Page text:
6 strategies for building customer trust

customer trust

 

 

 

 

 

 

 

 

 

 

Some Customer Success Managers only give lip service towards building customer trust. Tell them you understand where they’re coming from? Check. Followed up when you said you would? Check. Asked some follow up questions? Check. Ah, if only it was that easy. The reality looks a little more like this: Tell them you understand where they’re coming from and cite case studies of other customers that overcame similar challenges? Check. Followed up when you said you would and added value with your insights and recommendations? Check. Asked some follow up questions that gave you a better understanding of the customer’s underlying goals? Check. There is no easy way to fast track establishing customer trust, but the 6 strategies below provide a good starting point.

Practice active listening

Let the customer know that you’re actually listening when they speak. ‘Active listening’ is term experts use to describe the way you listen when you are an engaged presence in a conversation. Be fully present in the moment with the other person- not checking Facebook or reading Twitter while they are talking. Another technique is to listen to what the customer is saying and paraphrasing the important points back to them. Remaining attentive during your conversations is the only way to catch subtle cues the customer could be trying to signal- that what looked like a minor issue in your contract negotiations could jeopardize the deal, they plan to cancel their contract if you don’t build the feature they are asking for, etc.

Empathize

A customer has requested a last minute call for later today- something is up. Off the bat they start complaining about a known bug and how it is affecting their team. You find yourself getting a bit defensive (the bug really isn’t that major, why are they overreacting?) and then it dawns on you- they want someone to understand their frustration and empathize. “The ability and willingness to listen with empathy is often what sets the mediator apart from others involved in a conflict” (source). CSMs often find themselves acting as a mediator between internal interests and their customers’ wants and needs. Sometimes you can’t provide an immediate fix, and sometimes the customer isn’t necessarily asking you to try. They might just want to be reassured that you hear and understand their problems. They want to know that things are going to get better, whether that’s in the form of that bug fix or releasing a feature they really want built. Listening and empathizing with their concerns can do wonders to strengthen the relationship and build the credibility.

Deliver value

Customer trust is built on delivering on promises. Customer Success teams need to deliver on the promises and expectations of their product to deliver value to customers. Which means no “just checking-in” emails- you should be adding value during every interaction. Opportunities to tie the value of your product to hard numbers is the most compelling way to demonstrate value: an advertising analytics product increased conversion rates by 10% which resulted in an additional $120k ARR; a HR product increased employee retention by 5% decreased staffing and recruiting costs by $50k; and so on. Being able to make a case for how your product is producing value allows Customer Success teams to build customer trust.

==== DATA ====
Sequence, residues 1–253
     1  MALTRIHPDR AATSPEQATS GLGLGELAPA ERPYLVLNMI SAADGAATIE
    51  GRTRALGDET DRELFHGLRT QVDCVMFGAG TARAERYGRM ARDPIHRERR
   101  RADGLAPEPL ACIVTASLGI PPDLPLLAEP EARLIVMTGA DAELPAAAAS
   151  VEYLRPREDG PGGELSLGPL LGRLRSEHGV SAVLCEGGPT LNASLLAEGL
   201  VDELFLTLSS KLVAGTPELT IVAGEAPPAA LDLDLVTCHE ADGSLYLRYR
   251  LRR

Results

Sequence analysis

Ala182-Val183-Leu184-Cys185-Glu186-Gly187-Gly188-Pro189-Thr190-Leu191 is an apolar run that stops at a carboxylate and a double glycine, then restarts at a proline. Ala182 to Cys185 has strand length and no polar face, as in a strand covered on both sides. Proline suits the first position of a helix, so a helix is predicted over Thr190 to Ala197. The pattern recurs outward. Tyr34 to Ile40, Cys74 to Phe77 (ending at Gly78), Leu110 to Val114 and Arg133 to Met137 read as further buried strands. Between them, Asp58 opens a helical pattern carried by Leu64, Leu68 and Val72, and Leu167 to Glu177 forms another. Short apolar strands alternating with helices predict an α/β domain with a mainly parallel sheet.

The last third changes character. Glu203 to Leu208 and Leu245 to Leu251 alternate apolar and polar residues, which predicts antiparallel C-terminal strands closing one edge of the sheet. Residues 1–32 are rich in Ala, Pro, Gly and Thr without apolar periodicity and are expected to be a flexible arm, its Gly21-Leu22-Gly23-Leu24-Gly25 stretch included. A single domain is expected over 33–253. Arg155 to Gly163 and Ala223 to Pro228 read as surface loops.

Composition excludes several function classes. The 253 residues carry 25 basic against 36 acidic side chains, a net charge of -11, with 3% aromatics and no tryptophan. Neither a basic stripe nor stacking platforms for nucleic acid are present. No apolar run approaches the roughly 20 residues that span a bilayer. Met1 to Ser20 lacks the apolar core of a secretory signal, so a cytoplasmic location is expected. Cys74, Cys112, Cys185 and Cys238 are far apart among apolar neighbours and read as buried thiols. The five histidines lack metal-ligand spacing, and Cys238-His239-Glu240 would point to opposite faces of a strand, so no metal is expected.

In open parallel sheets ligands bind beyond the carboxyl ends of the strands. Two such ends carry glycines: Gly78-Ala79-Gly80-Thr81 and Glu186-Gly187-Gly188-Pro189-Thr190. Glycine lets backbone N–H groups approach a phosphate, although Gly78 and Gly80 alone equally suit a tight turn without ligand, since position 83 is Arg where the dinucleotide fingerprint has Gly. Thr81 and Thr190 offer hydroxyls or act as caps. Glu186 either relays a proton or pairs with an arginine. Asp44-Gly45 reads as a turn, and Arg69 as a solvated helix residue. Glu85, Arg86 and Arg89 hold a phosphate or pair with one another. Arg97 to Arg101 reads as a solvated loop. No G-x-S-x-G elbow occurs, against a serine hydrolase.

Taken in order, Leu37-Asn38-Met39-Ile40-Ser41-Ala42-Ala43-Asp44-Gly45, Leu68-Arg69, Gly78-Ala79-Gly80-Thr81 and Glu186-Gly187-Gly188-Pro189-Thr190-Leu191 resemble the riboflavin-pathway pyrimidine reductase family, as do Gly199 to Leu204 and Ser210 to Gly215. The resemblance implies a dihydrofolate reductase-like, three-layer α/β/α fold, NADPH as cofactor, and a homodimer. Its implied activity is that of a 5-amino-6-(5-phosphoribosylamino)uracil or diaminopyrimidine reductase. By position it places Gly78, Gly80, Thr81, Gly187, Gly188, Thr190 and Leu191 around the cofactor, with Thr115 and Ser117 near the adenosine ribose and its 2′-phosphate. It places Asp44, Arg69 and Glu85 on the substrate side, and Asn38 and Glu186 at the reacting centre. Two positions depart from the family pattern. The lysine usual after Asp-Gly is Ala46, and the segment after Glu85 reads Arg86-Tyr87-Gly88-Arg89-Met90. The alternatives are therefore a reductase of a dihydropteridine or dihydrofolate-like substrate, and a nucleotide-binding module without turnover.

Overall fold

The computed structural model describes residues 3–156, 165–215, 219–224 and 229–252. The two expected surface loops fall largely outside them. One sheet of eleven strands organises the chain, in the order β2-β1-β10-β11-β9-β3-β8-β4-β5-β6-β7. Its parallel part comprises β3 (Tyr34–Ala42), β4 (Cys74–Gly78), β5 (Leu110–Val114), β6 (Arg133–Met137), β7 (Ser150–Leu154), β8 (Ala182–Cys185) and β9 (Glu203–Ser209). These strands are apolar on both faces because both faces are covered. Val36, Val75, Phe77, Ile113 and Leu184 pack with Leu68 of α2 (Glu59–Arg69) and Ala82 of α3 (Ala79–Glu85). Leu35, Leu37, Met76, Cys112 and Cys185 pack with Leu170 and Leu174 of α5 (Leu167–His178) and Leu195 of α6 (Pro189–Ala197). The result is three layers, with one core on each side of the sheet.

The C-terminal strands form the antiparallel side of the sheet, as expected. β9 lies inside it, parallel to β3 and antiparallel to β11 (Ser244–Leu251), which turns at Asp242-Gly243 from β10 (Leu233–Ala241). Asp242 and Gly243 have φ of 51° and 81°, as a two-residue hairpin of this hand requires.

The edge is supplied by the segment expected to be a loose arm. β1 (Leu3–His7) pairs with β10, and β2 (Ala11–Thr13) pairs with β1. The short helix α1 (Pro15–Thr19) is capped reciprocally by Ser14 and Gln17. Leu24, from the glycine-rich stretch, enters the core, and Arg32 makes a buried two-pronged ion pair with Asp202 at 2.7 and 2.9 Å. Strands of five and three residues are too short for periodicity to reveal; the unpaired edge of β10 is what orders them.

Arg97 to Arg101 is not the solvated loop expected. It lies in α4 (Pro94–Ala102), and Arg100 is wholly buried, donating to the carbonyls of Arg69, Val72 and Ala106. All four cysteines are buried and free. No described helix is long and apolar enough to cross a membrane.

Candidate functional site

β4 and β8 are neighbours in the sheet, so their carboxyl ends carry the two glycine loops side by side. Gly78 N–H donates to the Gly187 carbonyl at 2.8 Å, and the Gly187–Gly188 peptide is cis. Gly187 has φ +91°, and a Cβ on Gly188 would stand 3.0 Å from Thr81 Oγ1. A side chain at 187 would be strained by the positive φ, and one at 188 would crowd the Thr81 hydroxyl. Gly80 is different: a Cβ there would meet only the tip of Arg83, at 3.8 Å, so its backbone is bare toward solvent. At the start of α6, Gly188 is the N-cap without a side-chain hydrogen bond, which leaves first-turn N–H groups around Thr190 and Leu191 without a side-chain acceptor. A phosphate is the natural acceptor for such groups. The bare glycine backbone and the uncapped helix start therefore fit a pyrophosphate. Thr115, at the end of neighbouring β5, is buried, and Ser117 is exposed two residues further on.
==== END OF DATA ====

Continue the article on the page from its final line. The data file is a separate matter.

Work together

Demonstrate your skills and capabilities by working towards shared goals with your customers. These goals can be broken down into next steps- smaller tasks that allow you to make progress towards that larger goal. This keeps you and your point of contact on track and creates accountability around who is supposed to be working on what, towards what aim. Collaborating with customers creates real connections with your points of contact.

Speak their language

To be a truly valuable advisor to a customer you need to know about more than your siloed area of impact. Make a point to browse industry blogs, set up Google notifications based on relevant keywords, and attend industry conferences or events whenever possible. You don’t have to be an expert, but keeping abreast of big trends will help you speak the same language as the customer, identify what keeps them up at night, and aide in your efforts to provide value in your conversations.

Ask thoughtful questions

Coming full circle- hear everything a customer says and let them talk about the things that are important to them. Yes, you will want to make sure you get the answers to some basic need-to-know questions, but it’s also important to ask open-ended questions that they can respond to as they like. Over time, you will be able to ask increasingly thoughtful questions that demonstrate you have a good grasp of their business and the challenges they face. Not well versed in the most important trends in their industry or the internal politics of their multinational business? Asking great questions will leverage your customer’s knowledge and help make you an expert. You’ll be surprised by what you can learn just by asking the right questions.